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After flipping on the oven and stove to prepare last night’s meal and dessert, I knew that drastic measures needed to be taken – namely, we needed to vacate the hot sticky premises.  A quick search of the property yielded some serving tables, and we were all set for a summer meal outdoors.

This meal is the perfect way to use up the abundance of summer veggies – a big kitchen sink salad (with carrots, goat cheese, apricots and avocado), Corn and Squash Simmered in Coconut Milk with Thai Basil on top of brown rice, and biscuits from the can.  I swear, I don’t know why I ever try to make biscuits – the Pillsbury ones are baked crack.

From Deborah Madison’s Local Flavors: Cooking and Eating from America’s Farmers’ Markets:

Corn and Squash Simmered in Coconut Milk with Thai Basil

1 Tbsp peanut or vegetable oil

1 package fresh, firm tofu, drained and diced into 1/2-inch cubes

2 medium zucchini (I tripled this), diced into 1/2-inch cubes

sea salt and freshly ground pepper

4 large ears sweet corn

1 serrano chile (I used 2)

1 heaping Tbsp cilantro

1 heaping Tbsp Thai basil leaves

1 bunch scallions, including half of the firm greens, sliced into 1/2 inch pieces

1 (15-oz) can coconut milk

1 tsp mushroom soy sauce

3 cups cooked basmati rice (I used brown)

cilantro and basil for garnish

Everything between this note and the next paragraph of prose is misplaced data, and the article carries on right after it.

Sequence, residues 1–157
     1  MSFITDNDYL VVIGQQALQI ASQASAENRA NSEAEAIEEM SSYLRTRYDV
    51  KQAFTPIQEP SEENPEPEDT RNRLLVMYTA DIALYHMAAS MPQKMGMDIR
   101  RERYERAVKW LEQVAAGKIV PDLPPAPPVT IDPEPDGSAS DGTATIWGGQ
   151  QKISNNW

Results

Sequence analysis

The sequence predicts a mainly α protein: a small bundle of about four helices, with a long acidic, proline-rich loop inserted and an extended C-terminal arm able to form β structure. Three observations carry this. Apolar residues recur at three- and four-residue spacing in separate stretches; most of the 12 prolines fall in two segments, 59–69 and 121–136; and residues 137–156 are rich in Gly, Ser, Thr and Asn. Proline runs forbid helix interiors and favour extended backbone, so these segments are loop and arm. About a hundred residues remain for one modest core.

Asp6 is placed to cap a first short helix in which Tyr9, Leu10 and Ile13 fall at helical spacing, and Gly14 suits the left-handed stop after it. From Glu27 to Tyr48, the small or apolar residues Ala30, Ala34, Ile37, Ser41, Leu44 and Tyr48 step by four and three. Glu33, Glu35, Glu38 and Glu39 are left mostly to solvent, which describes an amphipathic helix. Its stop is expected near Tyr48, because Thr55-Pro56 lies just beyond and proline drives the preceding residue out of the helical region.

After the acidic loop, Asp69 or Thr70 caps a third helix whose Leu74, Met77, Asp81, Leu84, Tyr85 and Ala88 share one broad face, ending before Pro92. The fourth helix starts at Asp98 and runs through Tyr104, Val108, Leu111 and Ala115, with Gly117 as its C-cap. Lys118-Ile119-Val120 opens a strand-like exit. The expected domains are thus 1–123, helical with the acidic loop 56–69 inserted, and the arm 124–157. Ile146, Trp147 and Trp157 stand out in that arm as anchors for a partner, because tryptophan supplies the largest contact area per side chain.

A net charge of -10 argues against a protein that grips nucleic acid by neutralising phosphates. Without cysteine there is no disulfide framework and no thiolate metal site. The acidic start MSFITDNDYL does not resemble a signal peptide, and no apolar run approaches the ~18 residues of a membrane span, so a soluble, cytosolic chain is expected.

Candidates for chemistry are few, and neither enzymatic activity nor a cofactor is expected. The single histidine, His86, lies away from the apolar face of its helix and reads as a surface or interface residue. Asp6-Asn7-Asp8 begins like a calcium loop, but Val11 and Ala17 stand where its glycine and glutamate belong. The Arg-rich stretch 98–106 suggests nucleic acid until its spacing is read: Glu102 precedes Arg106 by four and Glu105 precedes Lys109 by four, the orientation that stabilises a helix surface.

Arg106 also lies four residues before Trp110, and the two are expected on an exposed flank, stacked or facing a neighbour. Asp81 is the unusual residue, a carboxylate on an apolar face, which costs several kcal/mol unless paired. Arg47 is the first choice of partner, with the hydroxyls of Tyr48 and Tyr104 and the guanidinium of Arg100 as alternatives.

Heat the oil in a wide nonstick skillet over medium-high heat.  When hot, add the tofu and zucchini and sprinkle with 1/4 tsp salt.  Cook for 8-10 minutes, shaking the pan occasionally to brown all the sides of the tofu.

While the tofu is cooking, slice the corn off the cob, then, reversing your knife, press out the milk.  Set aside on the cutting board.  Finely chop the chile(s) with the cilantro and basil.

Add the scallions, chile-herb mixture, and corn to the pan.  Add the coconut milk to the pan, then rinse out the can with a little water and add that as well.  Stir in the soy sauce, an additional 1/2 tsp salt, and a few twists of black pepper.  Simmer until the corn is heated through, 3-5 minutes.  Taste for salt.  Serve over rice garnished with the additional herbs.

Hey, somebody took a layer off that biscuit!


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About a year ago, Chris and I found a great old garden swing bench at a yard sale.  We couldn’t figure out why it was so cheap, until we took it home and it promptly fell apart.  Doh!

Never one to give up on a failing item (seriously, I’ve nursed our basil plant back from near compost food so many times), I somehow convinced Chris that it’d be worth our (ahem, mostly his) time to fix it, rather than looking for another.  Easy for me to say.

We spent about $30 on wood, and crafted a sturdier bench that looks fabulous, is more comfortable than the originals, and that brings us a sense of satisfaction and accomplishment.  Not bad!  Now, adding in the time spent on getting this puppy just right might not pencil out quite as well, but we won’t talk about that.

I love that the one picture we have of the process is of me doing my very small part (Look, Ma, black hair!):


Yeah, tracing a line.  I’m a real carpenter over here.

Chris was the hero of the day with this one, and this is our reward:


The first leisurely moment of my week – a lazy Friday morning with some good books, good coffee and fresh fruit with some garden basil.  And my cat Norman staring at me from the neighbor’s porch.  All is well with the world.